01 Jul Meet: Burnt Toast Farms
What I cherish most in life are the take away lessons from beautiful moments. And, at Burnt Toast Farms & Eieio Alpacas I had many of those moments. I had moments of learning, moments of watching, moments of listening, and moments of laughter.
What I learned was that people are meant to meet in life. Like, Jason, Donna, and BJ. When they met it was fate, and now today, they run Burnt Toast Farms & Eieio Alpacas together. Hmm, I think I know another example of people meant to meet in life…Elizabeth and I (duh)! But, seriously, I learned a lot about Alpacas and organic farming, too. The property operates several farms in one: Burnt Toast Farms (cut flowers, herbs and speciality heirloom crops), Eieio Alpaca farm (alpaca fiber/fleece), and Eieio Fertilizer & Compost, unadulterated and perfectly balanced fertilizer, but much, much more.
Jason is founder of Burnt Toast Farms, farm manager, and “grower” on the farm where (you guessed it) he grows plants, flowers, food, and pretty much anything you want to and can grow. He came to Ohio all the way from L.A. where he was a Master Gardener and food policy advocate converting vacant lots, rooftops and landscapes into edible oasis’. Naturally, a gardener turned to master farmer. “Grasses and poo is what farming comes down to,” Jason says. “It’s just as simple as that.” He is originally from Cleveland, and that’s why he migrated back here from the West Coast. Right now, Jason is growing several acres of Sunflowers, dahlias, anemones, wildflowers, cosmos, okra, kale, tomatoes (heirloom and rare varieties), winter luxury squash, watermelon, a variety of herbs, and many other things. When he met Donna and BJ, he was volunteering at Franklinton Gardens–and what he really needed was fertilizer (Alpaca manure).
For Donna and BJ, their adventure started with a rare moment of insanity that got them in the business of farming. They were on a plane and saw alpacas in a magazine. Again, fate. So, they drove from Alabama to Nashville to purchase their first Alpaca. BJ is from Alabama and Donna is originally from Dayton. They came to Ohio in 2004.
The Alpacas—and what you need to know:
-Their fleece is very valuable, extremely warm, and on par with cashmere.
-Their life expectancy is 20-25 years
-They’re timid, herd animals.
-Don’t touch their necks or heads (they don’t like it.) Body rubs welcomed.
-They are curiously fun. At least, they were curious about us and fun to be around.
Donna crochets, knits, spins their fleece, and is even working on making yarn. She sells Batts of alpacas fleece (raw fibers that are sorted, washed, and carted) on her Etsy shop, “Alpaca fiber blends.” She also enjoys mixing and playing with the fibers with wool, silk, cashmere, and even bamboo! I was blown away that you could mix Alpaca fleece with bamboo, but you can!
BJ’s specialty (he has an engineering background) is the fertilizer/compost and hay (he knows the most about the hay Alpacas eat and what comes after). BJ told me that Alpacas go through 3-4 bales of hay a day and even more bales during the winter season. So, the hay (and the poo) is a big big deal.
On Jason’s manure hunt, he came across Donna and BJ and gave them a call. That phone call changed all of their lives, because now, they’re family over at Burnt Toast Farms & Eieio Alpacas. And soon, Jason’s partner Charles will be joining them out on the farm. (Yet another relationship bound by fate). The name, “Burnt Toast” came from Jason’s endless love for eating toast in every single way possible, including burnt! Ha!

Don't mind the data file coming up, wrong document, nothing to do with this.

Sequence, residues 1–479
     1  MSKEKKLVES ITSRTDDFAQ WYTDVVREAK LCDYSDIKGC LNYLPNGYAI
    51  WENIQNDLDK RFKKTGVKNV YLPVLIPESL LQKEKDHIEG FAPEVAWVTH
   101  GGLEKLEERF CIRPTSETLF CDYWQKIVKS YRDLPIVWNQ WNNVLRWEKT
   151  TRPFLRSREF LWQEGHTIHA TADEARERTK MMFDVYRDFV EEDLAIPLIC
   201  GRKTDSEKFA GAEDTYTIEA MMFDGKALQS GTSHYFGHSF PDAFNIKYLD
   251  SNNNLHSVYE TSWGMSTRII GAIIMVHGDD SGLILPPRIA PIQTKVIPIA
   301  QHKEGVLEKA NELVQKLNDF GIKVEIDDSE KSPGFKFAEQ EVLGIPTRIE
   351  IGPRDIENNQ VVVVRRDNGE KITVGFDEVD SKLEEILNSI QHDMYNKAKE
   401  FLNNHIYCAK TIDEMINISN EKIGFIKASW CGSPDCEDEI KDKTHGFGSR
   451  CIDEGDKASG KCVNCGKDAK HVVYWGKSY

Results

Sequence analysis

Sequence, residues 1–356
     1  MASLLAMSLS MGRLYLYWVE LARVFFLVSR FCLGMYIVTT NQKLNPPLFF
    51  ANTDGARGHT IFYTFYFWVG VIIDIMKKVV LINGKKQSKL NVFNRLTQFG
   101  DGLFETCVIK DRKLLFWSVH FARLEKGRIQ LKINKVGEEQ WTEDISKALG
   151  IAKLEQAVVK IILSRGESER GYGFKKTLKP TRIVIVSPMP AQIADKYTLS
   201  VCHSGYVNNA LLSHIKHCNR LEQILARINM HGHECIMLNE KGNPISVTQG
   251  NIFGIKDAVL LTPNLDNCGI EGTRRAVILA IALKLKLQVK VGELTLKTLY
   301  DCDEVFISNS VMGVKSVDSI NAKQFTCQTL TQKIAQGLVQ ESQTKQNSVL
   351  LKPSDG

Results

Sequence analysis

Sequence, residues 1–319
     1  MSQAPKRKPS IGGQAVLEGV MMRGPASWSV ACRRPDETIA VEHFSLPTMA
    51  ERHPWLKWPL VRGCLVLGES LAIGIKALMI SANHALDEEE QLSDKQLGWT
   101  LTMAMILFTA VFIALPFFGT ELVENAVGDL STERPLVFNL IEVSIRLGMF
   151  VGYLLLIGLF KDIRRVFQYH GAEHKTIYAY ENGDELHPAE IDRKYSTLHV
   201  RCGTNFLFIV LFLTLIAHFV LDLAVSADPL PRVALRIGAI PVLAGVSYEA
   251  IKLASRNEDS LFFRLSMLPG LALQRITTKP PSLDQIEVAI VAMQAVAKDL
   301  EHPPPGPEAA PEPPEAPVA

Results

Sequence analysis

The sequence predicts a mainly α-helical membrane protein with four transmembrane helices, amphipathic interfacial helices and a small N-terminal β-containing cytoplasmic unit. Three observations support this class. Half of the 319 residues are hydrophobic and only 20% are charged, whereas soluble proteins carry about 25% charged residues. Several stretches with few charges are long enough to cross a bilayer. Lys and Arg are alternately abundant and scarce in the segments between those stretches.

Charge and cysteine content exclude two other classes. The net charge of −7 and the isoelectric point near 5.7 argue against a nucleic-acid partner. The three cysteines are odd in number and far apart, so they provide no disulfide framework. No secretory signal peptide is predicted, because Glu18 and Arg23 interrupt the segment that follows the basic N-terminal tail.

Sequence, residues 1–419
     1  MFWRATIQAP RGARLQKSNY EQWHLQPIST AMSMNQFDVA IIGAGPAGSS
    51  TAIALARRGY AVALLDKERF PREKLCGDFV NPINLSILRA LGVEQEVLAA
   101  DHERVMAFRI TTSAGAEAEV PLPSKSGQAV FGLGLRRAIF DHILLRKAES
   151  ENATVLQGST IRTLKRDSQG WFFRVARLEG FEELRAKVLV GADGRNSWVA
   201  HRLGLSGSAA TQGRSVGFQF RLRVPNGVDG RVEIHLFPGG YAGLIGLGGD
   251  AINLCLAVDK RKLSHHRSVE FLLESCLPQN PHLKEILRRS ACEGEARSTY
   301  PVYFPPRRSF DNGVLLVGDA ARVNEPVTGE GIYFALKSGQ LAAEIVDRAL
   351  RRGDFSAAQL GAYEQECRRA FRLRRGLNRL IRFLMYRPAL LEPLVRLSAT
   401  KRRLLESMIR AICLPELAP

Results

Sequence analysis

The farm is stunning and true to its nature – chemical free since Donna and BJ purchased the land 10 years ago. This is also an important factor in keeping with the principles of Bio-Dynamic Agriculture, which basically means they mimic nature and work in those parameters. I love that. And it’s another take away for me, because when you’re there you can witness the raw beauty. Which to me, you don’t come by all the time. For example, they have fields of free growing, wild pineapple chamomile that makes for a delicious home brewed tea, and queen ann’s lace that covers an entire pasture. But they didn’t plant it. It grows freely as part of their pasture management. AND! They have created a bio-reserve and meadow that is a habitat for wildlife and pollinators.
Their customers are a few local restaurants (but quickly growing), and individual people who purchase plots for Jason to grow specialty items (brides, florists). They also do custom CSA (community supported agriculture), Weddings and special events venue rental, and other retreats and educational events. Currently they are expanding the Alpaca pastures and acquiring 10 more acres of woodland which abuts the property. In the very near future they have plans to build “tiny homes” on the grounds for both for public and personal use. Jason is encouraging lots of events out at the farm. So be on the look out for things like… yoga on the farm (July 9th), or their first annual 4th of July picnic being held on July 2nd.
I love the feeling I get when I’m surrounded by beautiful scenery and interesting people. I was flooded at the farm. The feeling I got when I saw McKinley’s excitement to ring the big bell, or petting a 6 day old baby Alpaca. Elizabeth’s joy in taking pictures. Her husband Cliff’s genuine interest in Alpaca fur and hay. Baby June smiling under a shaded tree. Delaney running free in the field. Graham handing Elizabeth a handful of fresh picked daisy’s. The kids feeding the chickens. My mother, Martha’s, wonder in Alpaca fur. It all makes my heart pitter-patter.
I can imagine it would do the same for anyone that lands foot on Burnt Toast Farms & Eieio Alpacas. They are one of a kind, not only because of what they do, but who they are. Jason, Donna, and BJ… made me feel like family.